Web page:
Although this may seem like a simple subject and that the answer is simply at dawn and dusk; there are many more factors to consider when trying to figure out when deer will be moving around the most.
The Most Important Factors to Consider
- Time of Year
- Moon Phase
- Breeding Cycle (Rut)
Below I will go into detail about each factor. One thing to keep in mind; all of these factors will vary a little bit for everyone depending on where you live in North America.
The weather plays a pretty big part in deer activity and movement. Weather relates quite a bit to the time of year which we will get into in a minute.
Generally speaking, the warmer the temperature, the less deer movement you will see. Every different area and region in North America will have a different temperature point in which the deer really start moving at.
In my area when the temperature is above 10 degrees Celsius (50 degrees Fahrenheit), for the most part, deer will stay bedded and in thick timber where it is cooler and in the shade.
Once the temperature drops below that 10 degrees Celsius (50 degrees Fahrenheit) mark, deer movement increases dramatically.
This is why most of the time during the peak of the day when the temperature is the warmest, hunters tend not to see as much as they do in the morning and evening when it’s cooler outside.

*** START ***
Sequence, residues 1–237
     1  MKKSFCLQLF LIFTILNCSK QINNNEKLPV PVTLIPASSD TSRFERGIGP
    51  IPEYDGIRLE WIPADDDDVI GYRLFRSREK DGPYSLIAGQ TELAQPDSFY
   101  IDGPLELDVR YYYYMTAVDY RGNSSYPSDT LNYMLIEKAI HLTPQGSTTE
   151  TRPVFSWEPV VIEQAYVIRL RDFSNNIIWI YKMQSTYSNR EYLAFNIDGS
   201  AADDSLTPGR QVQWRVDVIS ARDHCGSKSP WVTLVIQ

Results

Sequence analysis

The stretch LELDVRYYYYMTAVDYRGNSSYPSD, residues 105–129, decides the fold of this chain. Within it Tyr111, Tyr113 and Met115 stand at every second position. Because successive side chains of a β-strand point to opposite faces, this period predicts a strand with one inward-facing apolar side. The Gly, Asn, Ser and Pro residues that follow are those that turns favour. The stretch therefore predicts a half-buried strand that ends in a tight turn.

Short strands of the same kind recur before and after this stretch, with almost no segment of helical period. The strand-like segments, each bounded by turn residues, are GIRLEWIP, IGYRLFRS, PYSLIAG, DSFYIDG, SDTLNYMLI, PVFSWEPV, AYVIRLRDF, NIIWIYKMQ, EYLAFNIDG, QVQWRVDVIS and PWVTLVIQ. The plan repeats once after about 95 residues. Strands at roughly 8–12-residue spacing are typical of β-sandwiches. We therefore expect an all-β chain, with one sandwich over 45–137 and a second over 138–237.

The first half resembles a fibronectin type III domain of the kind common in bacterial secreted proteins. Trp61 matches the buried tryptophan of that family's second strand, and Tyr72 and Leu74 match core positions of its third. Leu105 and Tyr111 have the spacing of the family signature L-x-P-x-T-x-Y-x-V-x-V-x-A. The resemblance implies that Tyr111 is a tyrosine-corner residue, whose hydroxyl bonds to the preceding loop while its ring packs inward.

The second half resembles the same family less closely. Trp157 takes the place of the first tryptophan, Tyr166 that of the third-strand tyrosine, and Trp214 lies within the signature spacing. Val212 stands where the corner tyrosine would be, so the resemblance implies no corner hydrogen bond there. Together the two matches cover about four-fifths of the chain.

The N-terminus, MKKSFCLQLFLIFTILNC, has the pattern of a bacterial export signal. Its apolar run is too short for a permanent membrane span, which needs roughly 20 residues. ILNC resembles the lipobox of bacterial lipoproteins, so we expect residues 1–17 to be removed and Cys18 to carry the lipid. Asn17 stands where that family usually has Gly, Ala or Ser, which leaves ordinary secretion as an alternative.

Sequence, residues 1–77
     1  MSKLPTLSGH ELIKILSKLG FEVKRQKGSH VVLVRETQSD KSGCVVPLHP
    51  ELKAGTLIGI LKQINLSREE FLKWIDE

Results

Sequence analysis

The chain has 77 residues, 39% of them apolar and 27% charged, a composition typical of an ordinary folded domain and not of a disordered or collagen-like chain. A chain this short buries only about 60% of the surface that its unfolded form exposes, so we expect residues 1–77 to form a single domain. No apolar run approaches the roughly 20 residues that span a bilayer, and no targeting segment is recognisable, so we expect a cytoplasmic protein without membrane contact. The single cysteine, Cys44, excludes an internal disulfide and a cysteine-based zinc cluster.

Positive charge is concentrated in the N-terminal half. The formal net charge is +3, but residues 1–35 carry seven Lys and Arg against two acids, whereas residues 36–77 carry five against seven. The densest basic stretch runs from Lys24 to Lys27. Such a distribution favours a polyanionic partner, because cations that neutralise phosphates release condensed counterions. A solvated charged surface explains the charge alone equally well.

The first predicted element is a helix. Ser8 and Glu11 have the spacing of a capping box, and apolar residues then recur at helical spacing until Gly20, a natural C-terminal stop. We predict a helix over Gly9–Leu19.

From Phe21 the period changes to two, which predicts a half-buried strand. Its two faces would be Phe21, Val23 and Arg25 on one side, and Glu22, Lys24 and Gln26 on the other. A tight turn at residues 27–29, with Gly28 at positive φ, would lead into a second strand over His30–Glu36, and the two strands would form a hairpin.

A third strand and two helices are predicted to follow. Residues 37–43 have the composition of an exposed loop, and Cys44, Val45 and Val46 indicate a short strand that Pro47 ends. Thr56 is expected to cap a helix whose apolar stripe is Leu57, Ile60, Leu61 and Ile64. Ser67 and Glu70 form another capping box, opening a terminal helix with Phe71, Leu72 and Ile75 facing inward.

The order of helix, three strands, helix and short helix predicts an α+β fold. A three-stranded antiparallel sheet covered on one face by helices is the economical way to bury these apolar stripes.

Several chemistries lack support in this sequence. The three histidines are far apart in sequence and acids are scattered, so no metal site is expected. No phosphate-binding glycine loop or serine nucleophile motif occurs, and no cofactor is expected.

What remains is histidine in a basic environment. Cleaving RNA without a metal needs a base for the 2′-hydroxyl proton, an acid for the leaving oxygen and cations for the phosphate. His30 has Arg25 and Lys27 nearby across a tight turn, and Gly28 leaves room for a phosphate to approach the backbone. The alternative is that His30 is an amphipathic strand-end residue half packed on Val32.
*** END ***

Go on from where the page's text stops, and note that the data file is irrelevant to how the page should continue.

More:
Other weather factors that play an important role are snow, rain, and wind. During times of harsh weather, whether it’s a snow storm, rain storm or very windy, deer will once again stay hidden and out of the elements.
Once the bad weather clears or the storms are over be ready. As soon as the bad weather ends, they will be up and actively feeding trying to warm up and fill themselves up with food.
Time of Year
As mentioned above, the time of year and weather are pretty closely correlated. During the summer months when it is hot out and the days are long, deer will be very inactive.
Often times they won’t move until late into the night when the temperature cools right down. They also don’t need as much food and movement to keep themselves warm during these months, which is another reason you don’t see as much activity.
Once summer turns into fall and the days start getting shorter, their active time gets longer. They start feeding earlier in the evening and staying out until later in the mornings.
This is why hunters generally follow the rule of thumb that the first hour in the morning and the last hour in the evening is the best time to hunt.
When fall starts turning into winter and the weather turns colder; it’s not uncommon to see deer feeding at any time during the day.
This is because the days are shorter and they need more feed to stay warm and make it through the cold winter months.
Now, of course, the one exception to all these rules of thumb is when the bucks start rutting, which we will get into in a minute below.
The moon phase isn’t something a lot of hunters will think of when it comes to deer activity and movement. Believe it or not, it does play a pretty important role.